The 148 nations of the World Trade Organization removed quotas on apparel and textiles on Jan. 1 and the major issue remains whether China will dominate the industry. U.S. importers and retailers have said they will consolidate sourcing in fewer countries. One dire prediction from the International Confederation of Free Trade Unions sees the 50 countries involved in the textile and apparel manufacturing sector dwindling to seven by 2007. China continues to increase its share of the U.S. import market, squeezing other foreign suppliers. A handful of countries, however, such as India, Pakistan and South Korea, posted significant growth in imports to the U.S. last year and are expected to stay competitive in a post-quota world.

  1. CHINA
    Year-to-date ended Nov. 30: 10.7 billion SME; Year-to-date change: 43.1 percent;
    Year-end share of U.S. import market: 24.8 percent

    China posted import gains as high as 1,000 percent, dominating nonquota categories such as quilts, tablecloths and infants’ wear. To alleviate concerns about its power, China levied a small tax on 148 export categories. Meanwhile, U.S. importers sued the government over its authority to impose China safeguards or temporary quotas. A federal district court judge issued a temporary restraining order barring the U.S. government from accepting or reviewing domestic safeguard petitions. The Justice Department said it will appeal the injunction.

  2. MEXICO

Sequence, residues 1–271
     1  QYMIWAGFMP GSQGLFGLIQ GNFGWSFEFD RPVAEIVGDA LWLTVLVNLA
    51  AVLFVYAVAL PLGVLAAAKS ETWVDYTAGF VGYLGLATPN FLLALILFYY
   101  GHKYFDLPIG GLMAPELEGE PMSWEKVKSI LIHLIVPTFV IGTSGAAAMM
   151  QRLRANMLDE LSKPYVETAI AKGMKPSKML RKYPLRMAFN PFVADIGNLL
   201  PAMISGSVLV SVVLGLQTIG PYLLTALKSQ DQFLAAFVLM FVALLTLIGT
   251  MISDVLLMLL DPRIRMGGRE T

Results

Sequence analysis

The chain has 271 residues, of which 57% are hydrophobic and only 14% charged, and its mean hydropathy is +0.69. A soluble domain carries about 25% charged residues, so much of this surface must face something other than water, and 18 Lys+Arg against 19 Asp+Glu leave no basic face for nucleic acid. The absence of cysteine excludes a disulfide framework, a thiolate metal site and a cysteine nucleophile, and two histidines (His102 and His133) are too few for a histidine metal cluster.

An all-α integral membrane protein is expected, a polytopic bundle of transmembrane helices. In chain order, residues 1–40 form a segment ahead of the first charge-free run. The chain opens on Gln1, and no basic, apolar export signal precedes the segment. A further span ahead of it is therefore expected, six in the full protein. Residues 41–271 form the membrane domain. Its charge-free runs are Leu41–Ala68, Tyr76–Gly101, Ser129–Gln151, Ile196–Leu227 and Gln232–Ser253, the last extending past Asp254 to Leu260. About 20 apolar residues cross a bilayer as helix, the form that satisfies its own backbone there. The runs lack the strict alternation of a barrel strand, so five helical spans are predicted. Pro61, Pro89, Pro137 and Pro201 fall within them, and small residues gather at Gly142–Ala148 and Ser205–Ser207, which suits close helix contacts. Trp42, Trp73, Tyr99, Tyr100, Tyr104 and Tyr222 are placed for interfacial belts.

Year-to-date ended Nov. 30: 3.6 billion SME; Year-to-date change: 4.6 percent;
    Year-end share of U.S. import market: 8.8 percent

    Mexico has been losing U.S. import share since 2002. It isn’t clear whether the country will enjoy a trade advantage over China with the duty preferences it receives in the North American Free Trade Agreement and its proximity to the U.S. Mexico had a big increase in exports of non-woven fabric, a comeback in man-made fiber bags and a significant increase in quilts, comforters and curtains in 2004.

  3. CANADA
    Year-to-date ended Nov. 30: 3.08 billion SME; Year-to-date change: -1.7 percent;
    Year-end share of U.S. import market: 7 percent

    Canada had big increases in exports of nonwoven fabric and combed cotton yarn, but lost a significant portion of knit fabric exports. Canada is another unknown in the sourcing picture, although many observers claim it could maintain a competitive advantage against China due to investments in cutting-edge technologies, NAFTA benefits and proximity.

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